In the last chapter of “The Day Aviation Changed”, we saw how one man’s ideas radically changed the shape of aviation. In this chapter, we will see how one man’s experiments paved the way for mankind’s first powered flight.
Giving Cayley all the credit for the invention of the modern airplane would be too simplistic, for two reasons. Firstly, because there was a reason why George Cayley got interested in flight in the first place: hot air balloons. During the late 18th and early 19th centuries, Europe was undergoing a general balloon craze – so it doesn’t come as a surprise that Cayley turned his attention towards flight. If you pardon the pun, hot-air balloons were the hot topic for all would-be inventors.
After Cayley’s death came the era of “flying machines” – a time we could mentally associate with those quaint black-and-white pictures of bizarre machines with numerous wings and propellers that never took off. This was an age when many engineers, inventors and charlatans alike would design their own “flying machine” and present it in public. Many of these inventors would claim that their contraption would be the first one to actually fly. But this never happened. Aviation was going nowhere.
Hiram Maxim’s flying machine
These people were trying to run before they had learned how to walk. At that time, many technologies weren’t mature enough for powered flight – propulsion being the most prominent one. Most importantly, the knowledge of aerodynamics was very limited. By that time, in fact, the scientific tools of aerodynamics weren’t developed enough to be able to predict a wing’s performance. All knowledge was empirical; all design was done by trial and error. So, if all knowledge of flight was empirical, who could blame these people for their lack of it, since nobody had ever flown before?
This chicken-and-egg problem would hamper aviation’s development, until a German engineer decided to tackle the problem of flight in a simpler way (this is always a good idea in engineering). He couldn’t run, so he decided to learn how to walk. He couldn’t fly, so he learned how to glide.
The man’s name was Otto Lilienthal, and his life would have well served for a Hollywood film. Lilienthal was born to a middle-class Prussian family in 1848, right around the time when Cayley’s first flights were taking place. Manned flight was his passion from childhood on. He worked for several years as an engineer, and through some of his inventions, earned enough financial freedom to pursue his interest in manned flight.
And then, aviation changed.
At that time, the general perspective on flight was that its main difficulty was getting airborne. What happened afterwards should be as simple as steering the aircraft around the air, as if it were a carriage. Little attention was paid to how to actually control a flying aircraft.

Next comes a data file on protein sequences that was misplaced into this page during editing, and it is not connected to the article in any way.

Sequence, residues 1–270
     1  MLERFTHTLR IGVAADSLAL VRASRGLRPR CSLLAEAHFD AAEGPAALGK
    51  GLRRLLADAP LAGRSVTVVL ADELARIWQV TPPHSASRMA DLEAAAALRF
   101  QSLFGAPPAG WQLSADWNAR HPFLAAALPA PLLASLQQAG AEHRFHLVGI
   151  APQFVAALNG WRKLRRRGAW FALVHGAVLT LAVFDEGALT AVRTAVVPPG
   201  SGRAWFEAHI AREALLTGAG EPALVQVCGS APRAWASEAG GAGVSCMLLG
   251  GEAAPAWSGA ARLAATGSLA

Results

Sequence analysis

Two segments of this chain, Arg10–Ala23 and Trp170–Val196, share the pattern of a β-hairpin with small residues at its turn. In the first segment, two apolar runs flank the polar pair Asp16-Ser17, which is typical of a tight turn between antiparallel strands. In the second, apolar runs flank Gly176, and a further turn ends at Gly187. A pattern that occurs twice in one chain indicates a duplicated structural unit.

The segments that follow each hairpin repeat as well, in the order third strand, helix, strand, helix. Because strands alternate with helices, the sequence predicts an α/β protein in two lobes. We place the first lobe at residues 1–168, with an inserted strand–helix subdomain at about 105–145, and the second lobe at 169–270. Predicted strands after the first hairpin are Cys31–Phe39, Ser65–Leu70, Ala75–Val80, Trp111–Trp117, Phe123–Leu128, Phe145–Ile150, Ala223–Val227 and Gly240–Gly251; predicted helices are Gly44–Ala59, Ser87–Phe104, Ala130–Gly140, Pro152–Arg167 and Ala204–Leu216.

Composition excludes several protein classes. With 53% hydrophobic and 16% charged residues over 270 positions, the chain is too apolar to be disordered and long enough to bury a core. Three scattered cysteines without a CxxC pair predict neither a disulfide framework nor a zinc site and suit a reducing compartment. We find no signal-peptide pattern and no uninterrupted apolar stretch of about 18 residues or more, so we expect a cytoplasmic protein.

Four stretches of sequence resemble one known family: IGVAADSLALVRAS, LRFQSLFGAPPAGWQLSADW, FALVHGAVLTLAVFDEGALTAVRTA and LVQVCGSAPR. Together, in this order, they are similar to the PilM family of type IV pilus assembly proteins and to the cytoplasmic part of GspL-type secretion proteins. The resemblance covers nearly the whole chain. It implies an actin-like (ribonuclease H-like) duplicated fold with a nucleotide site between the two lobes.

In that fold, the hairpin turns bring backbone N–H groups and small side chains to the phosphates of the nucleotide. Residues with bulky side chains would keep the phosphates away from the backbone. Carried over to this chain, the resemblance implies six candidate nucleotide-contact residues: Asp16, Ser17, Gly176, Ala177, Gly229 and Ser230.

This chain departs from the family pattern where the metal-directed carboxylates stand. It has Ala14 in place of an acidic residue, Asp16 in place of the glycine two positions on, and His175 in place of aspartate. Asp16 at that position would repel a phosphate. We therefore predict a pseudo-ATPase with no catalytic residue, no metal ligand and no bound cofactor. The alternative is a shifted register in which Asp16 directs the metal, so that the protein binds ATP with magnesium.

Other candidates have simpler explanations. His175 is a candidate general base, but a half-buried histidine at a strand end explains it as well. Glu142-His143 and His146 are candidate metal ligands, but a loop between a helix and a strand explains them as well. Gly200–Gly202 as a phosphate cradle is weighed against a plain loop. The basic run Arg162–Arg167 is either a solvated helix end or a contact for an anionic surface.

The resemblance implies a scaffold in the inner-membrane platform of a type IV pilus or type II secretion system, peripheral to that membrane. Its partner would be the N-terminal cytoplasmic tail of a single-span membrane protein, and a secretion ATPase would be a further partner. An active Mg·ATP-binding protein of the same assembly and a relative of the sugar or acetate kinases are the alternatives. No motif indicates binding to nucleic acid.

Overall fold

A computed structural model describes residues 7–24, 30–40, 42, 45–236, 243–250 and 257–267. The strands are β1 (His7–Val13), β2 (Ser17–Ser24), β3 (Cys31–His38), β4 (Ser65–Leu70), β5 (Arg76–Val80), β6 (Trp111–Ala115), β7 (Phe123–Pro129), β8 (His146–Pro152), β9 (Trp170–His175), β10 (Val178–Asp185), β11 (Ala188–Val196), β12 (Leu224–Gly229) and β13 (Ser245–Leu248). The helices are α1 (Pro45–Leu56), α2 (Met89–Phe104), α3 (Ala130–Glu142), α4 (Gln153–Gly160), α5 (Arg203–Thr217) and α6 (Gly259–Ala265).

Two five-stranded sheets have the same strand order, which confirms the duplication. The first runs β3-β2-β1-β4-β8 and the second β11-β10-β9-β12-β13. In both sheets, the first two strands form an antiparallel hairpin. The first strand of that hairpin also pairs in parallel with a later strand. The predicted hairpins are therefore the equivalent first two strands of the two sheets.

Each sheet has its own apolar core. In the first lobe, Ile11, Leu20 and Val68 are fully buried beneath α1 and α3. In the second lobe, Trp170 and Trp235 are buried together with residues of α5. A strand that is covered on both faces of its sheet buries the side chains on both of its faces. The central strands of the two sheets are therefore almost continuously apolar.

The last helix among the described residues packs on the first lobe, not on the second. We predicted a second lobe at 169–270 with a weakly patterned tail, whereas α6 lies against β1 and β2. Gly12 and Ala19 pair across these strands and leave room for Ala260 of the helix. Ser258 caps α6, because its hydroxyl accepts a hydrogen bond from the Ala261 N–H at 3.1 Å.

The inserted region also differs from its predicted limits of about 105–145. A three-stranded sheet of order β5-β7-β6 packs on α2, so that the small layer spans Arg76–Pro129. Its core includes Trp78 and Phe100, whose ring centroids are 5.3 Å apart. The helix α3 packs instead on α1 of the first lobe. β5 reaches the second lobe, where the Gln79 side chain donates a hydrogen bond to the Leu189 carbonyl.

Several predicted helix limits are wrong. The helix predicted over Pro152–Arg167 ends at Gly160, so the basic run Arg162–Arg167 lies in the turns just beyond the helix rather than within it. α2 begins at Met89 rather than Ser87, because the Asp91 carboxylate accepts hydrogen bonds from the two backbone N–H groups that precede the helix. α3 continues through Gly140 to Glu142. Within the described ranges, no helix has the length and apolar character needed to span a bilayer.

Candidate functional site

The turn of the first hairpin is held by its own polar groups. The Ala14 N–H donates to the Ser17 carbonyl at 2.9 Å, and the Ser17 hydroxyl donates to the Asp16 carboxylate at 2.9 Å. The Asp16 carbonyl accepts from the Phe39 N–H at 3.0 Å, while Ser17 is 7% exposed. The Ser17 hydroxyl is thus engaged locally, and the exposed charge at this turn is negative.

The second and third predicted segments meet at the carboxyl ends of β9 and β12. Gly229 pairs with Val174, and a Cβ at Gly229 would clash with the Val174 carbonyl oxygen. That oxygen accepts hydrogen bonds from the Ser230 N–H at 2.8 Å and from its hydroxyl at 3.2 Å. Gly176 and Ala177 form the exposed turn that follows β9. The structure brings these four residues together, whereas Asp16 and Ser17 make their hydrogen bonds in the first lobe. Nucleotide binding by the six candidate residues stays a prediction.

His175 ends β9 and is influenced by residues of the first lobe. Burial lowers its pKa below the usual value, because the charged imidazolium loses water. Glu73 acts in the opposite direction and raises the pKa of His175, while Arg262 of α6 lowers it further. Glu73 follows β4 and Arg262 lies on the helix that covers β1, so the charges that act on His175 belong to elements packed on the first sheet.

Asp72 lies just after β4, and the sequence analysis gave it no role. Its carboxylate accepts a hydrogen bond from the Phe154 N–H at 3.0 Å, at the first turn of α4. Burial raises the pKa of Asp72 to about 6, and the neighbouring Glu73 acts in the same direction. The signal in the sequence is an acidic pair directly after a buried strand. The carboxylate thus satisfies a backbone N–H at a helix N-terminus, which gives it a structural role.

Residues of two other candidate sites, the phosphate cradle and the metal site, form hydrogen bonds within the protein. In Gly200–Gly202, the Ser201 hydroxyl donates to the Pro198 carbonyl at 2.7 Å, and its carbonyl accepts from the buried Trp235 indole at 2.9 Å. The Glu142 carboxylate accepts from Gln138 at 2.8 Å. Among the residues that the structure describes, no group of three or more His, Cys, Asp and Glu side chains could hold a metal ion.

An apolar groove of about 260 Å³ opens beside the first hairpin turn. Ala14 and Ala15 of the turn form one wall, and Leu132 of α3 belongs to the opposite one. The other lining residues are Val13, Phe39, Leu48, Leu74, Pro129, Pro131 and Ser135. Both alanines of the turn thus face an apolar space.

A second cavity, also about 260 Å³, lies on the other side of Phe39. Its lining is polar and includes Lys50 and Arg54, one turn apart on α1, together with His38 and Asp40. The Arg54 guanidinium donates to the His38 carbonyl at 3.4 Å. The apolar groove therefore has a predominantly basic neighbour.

Lilienthal thought that before he tried to put an engine on an aircraft, he first had to find out how flight actually worked, and how to manoeuver in flight (this corresponds to the modern notion of “flight dynamics”). He took the “getting airborne” part out of the equation and decided to test his ideas in gliding flights out of high places instead.
Lilienthal flew his first glider (a hang glider to be precise) in 1891, and accumulated a total flight time of five hours in 2000 flights until his death in a crash in 1896. During that time, he designed and tested a dozen of prototypes, and even built an artificial conical hill so that he could always fly into the wind, no matter what direction it came from.
(A small side note: this hill, known as the “Fliegeberg” (Fly Hill) is now a memorial for Lilienthal. It is located in Lichterfelde, near Berlin).
Lilienthal flying his “normal glider” off the Fligeberg
Despite his early death, Lilienthal had enough time during his five years of experimentation to radically change aviation in two ways.
Firstly, he was the first person to accumulate actual in-flight experience. He was the first person to understand flight dynamics. He learned numerous lessons from his flights, and then put these lessons into practice. He is often credited for being the first man to successfully control an aircraft in sustained flight.
Secondly, Lilienthal made a conscious effort to make his flights public. He regularly explained his experiences in periodic publications. Pictures of his flights were published on magazines and newspapers, showing the world that flying was indeed possible. He corresponded with many people, including two men that will become pivotal later in this story: Nikolai Zhukovsky, and Octave Chanute.
Lilienthal had learned to glide. Now it was somebody else’s turn to learn how to fly.
The story of the first powered flight, in the next chapter of “The Day Aviation Changed”.
Fliegeberg memorial, near Lichterfelde (Berlin)